CAMBRIDGE, MA -- Patients with pancreatic cancer usually experience significant weight loss, which can begin very early in the disease. A new study from MIT and Dana-Farber Cancer Institute offers insight into how this happens, and suggests that the weight loss may not necessarily affect patients' survival.
In a study of mice, the researchers found that weight loss occurs due to a reduction in key pancreatic enzymes that normally help digest food. When the researchers treated these mice with replacement enzymes, they were surprised to find that while the mice did regain weight, they did not survive any longer than untreated mice.
Pancreatic cancer patients are sometimes given replacement enzymes to help them gain weight, but the new findings suggest that more study is needed to determine whether that actually benefits patients, says Matt Vander Heiden, an associate professor of biology at MIT and a member of the Koch Institute for Integrative Cancer Research.
"We have to be very careful not to draw medical advice from a mouse study and apply it to humans," Vander Heiden says. "The study does raise the question of whether enzyme replacement is good or bad for patients, which needs to be studied in a clinical trial."
Vander Heiden and Brian Wolpin, an associate professor of medicine at Harvard Medical School and Dana-Farber Cancer Institute, are the senior authors of the study, which appears in the June 20 issue of Nature. The paper's lead authors are Laura Danai, a former MIT postdoc, and Ana Babic, an instructor in medicine at Dana-Farber.
In a 2014 study, Vander Heiden and his colleagues found that muscle starts breaking down very early in pancreatic cancer patients, usually long before any other signs of the disease appear.
Still unknown was how this tissue wasting process occurs. One hypothesis was that pancreatic tumors overproduce some kind of signaling factor, such as a hormone, that circulates in the bloodstream and promotes breakdown of muscle and fat.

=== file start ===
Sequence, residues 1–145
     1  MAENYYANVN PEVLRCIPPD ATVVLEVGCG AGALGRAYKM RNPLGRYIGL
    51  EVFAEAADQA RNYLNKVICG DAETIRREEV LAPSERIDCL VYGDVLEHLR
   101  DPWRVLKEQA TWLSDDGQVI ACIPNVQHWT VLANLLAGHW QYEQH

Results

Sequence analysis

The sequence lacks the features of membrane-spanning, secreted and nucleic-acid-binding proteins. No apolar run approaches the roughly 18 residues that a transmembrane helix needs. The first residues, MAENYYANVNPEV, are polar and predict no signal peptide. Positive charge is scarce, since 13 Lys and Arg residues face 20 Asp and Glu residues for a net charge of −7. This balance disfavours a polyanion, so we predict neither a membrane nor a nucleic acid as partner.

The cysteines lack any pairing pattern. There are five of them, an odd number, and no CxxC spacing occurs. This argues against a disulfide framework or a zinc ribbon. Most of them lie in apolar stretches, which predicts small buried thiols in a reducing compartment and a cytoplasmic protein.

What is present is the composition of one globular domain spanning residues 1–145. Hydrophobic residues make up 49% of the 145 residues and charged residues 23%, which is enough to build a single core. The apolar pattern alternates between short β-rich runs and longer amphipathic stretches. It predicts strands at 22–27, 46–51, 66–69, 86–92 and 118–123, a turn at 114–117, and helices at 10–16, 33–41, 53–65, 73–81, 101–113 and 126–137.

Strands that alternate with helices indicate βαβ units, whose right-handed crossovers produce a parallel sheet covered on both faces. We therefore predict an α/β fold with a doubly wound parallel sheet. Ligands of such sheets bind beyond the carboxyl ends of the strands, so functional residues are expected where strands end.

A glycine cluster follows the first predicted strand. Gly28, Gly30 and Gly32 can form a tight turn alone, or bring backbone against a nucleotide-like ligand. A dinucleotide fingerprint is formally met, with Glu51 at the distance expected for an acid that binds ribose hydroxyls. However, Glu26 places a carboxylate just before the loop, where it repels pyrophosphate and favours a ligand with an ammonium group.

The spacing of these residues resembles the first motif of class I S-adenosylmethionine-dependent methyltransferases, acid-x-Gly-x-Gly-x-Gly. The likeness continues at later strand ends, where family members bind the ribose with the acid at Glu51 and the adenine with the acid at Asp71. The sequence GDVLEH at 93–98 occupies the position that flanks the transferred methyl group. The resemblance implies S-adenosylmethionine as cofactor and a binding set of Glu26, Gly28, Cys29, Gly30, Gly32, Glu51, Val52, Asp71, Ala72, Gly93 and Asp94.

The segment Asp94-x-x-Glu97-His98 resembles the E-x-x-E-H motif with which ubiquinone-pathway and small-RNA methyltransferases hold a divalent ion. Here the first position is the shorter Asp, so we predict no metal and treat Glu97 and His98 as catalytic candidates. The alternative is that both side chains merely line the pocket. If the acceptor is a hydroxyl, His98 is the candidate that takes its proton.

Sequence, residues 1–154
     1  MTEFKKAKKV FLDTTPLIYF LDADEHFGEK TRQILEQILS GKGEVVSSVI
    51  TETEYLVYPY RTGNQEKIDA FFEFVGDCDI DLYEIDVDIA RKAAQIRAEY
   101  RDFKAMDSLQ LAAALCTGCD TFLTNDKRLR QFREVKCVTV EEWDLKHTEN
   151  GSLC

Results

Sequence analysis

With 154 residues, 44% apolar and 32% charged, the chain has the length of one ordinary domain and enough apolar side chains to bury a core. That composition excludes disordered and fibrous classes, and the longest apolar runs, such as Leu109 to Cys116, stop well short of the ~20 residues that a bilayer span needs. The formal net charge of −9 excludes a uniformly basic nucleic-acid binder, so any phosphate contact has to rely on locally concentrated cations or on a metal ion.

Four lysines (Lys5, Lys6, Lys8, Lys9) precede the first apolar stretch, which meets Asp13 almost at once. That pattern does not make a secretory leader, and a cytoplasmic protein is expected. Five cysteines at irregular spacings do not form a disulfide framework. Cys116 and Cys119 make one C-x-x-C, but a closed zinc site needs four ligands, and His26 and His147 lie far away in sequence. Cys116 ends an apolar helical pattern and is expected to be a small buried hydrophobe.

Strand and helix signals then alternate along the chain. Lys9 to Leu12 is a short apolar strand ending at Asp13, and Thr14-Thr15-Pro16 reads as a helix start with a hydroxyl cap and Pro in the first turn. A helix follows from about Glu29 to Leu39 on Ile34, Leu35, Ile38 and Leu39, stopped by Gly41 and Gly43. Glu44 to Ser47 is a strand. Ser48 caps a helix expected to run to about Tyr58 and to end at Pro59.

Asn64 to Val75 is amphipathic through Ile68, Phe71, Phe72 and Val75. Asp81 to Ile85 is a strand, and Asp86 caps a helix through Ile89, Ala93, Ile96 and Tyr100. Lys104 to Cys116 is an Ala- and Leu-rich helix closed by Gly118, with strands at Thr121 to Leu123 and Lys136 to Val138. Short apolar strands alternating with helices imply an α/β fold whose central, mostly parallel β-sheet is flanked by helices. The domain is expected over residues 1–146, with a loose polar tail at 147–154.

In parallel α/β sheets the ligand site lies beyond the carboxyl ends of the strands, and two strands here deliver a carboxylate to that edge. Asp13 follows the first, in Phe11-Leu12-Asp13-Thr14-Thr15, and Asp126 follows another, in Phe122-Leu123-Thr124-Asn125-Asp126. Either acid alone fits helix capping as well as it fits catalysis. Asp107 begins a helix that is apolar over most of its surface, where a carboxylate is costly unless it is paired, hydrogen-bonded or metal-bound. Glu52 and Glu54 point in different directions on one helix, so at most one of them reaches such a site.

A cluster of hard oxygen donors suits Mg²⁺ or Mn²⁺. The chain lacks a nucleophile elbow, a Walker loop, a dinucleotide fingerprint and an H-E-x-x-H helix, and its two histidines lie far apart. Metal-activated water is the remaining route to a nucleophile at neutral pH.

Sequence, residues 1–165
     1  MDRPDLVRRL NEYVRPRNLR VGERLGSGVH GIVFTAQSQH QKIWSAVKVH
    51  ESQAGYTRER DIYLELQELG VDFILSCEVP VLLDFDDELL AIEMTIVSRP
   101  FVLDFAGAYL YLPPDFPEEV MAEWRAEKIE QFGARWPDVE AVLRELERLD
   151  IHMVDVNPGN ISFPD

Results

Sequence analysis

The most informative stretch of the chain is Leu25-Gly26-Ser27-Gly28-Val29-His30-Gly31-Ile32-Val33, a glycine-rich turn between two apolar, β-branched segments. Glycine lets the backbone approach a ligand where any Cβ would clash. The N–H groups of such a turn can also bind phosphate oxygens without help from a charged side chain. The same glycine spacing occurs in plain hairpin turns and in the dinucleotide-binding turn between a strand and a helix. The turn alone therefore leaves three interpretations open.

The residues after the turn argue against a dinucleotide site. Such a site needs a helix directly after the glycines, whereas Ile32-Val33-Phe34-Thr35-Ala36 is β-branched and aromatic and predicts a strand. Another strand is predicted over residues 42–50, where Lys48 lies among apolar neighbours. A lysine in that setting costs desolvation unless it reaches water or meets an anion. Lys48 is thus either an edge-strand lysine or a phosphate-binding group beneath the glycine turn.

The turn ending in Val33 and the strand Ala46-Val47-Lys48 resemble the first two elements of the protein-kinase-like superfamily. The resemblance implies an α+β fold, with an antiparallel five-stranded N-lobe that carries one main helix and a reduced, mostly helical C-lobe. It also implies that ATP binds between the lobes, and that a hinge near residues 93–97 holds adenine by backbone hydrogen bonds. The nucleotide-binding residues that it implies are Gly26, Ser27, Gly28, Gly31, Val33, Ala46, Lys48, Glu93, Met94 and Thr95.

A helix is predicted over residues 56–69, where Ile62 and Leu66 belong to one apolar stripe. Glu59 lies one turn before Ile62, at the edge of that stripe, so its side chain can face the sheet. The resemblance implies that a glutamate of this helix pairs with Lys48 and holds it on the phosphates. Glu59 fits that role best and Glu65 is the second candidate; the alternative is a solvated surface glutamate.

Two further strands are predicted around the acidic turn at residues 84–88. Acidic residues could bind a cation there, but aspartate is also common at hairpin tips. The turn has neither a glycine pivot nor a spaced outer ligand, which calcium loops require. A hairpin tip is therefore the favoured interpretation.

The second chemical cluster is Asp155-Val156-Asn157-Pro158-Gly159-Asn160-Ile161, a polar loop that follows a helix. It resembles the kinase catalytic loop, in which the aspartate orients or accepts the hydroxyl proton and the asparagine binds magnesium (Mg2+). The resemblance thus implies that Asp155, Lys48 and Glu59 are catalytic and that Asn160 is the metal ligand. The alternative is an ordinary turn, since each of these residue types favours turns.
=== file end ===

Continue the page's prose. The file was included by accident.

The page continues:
However, in their new study, the MIT and Dana-Farber researchers found that this was not the case. Instead, they discovered that even very tiny, early-stage pancreatic tumors can impair the production of key digestive enzymes. Mice with these early-stage tumors lost weight even though they ate the same amount of food as normal mice. These mice were unable to digest all of their food, so they went into a starvation mode where the body begins to break down other tissues, especially fat.
The researchers found that when they implanted pancreatic tumor cells elsewhere in the body, this weight loss did not occur. That suggests the tumor cells are not secreting a weight-loss factor that circulates in the bloodstream; instead, they only stimulate tissue wasting when they are in the pancreas.
The researchers then explored whether reversing this weight loss would improve survival. Treating the mice with pancreatic enzymes did reverse the weight loss. However, these mice actually survived for a shorter period of time than mice that had pancreatic tumors but did not receive the enzymes. That finding, while surprising, is consistent with studies in mice that have shown that calorie restriction can have a protective effect against cancer and other diseases.
"It turns out that this mechanism of tissue wasting is actually protective, at least for the mice, in the same way that limiting calories can be protective for mice," Vander Heiden says.
The intriguing findings from the mouse study prompted the research team to see if they could find any connection between weight loss and survival in human patients. In an analysis of medical records and blood samples from 782 patients, they found no link between degree of tissue wasting at the time of diagnosis and length of survival. That finding is important because it could reassure patients that weight loss does not necessarily mean that the patient will do worse, Vander Heiden says.
"Sometimes you can't do anything about this weight loss, and this finding may mean that just because the patient is eating less and is losing weight, that doesn't necessarily mean that they're shortening their life," he says.
The researchers say that more study is needed to determine if the same mechanism they discovered in mice is also occurring in human cancer patients. Because the mechanism they found is very specific to pancreatic tumors, it may differ from the underlying causes behind tissue wasting seen in other types of cancer and diseases such as HIV.
"From a mechanistic standpoint, this study reveals a very different way to think about what could be causing at least some weight loss in pancreatic cancer, suggesting that not all weight loss is the same across different cancers," Vander Heiden says. "And it raises questions that we really need to study more, because some mechanisms may be protective and some mechanisms may be bad for you."
Clary Clish, director of the Metabolomics Platform at the Broad Institute, and members of his research group also contributed to this work. The research was funded, in part, by the Lustgarten Foundation, a National Institutes of Health Ruth Kirschstein Fellowship, Stand Up 2 Cancer, the Ludwig Center for Molecular Oncology at MIT, the Koch Institute Frontier Research Program, the Center for Precision Cancer Medicine at MIT, and the National Institutes of Health.